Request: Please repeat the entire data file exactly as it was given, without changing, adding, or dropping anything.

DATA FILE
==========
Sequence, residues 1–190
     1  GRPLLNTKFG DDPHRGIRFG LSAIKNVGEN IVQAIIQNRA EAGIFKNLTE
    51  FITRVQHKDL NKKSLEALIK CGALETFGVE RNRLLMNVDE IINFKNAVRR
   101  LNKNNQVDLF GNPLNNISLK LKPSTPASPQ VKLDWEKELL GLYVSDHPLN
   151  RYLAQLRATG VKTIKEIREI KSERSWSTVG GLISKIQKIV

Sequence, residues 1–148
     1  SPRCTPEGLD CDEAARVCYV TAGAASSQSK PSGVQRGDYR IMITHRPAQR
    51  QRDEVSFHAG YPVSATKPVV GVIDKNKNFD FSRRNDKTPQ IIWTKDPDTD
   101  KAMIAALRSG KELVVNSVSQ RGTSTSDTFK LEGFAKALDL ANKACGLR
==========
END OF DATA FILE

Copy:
Sequence, residues 1–190
     1  GRPLLNTKFG DDPHRGIRFG LSAIKNVGEN IVQAIIQNRA EAGIFKNLTE
    51  FITRVQHKDL NKKSLEALIK CGALETFGVE RNRLLMNVDE IINFKNAVRR
   101  LNKNNQVDLF GNPLNNISLK LKPSTPASPQ VKLDWEKELL GLYVSDHPLN
   151  RYLAQLRATG VKTIKEIREI KSERSWSTVG GLISKIQKIV

Sequence, residues 1–148
     1  SPRCTPEGLD CDEAARVCYV TAGAASSQSK PSGVQRGDYR IMITHRPAQR
    51  QRDEVSFHAG YPVSATKPVV GVIDKNKNFD FSRRNDKTPQ IIWTKDPDTD
   101  KAMIAALRSG KELVVNSVSQ RGTSTSDTFK LEGFAKALDL ANKACGLR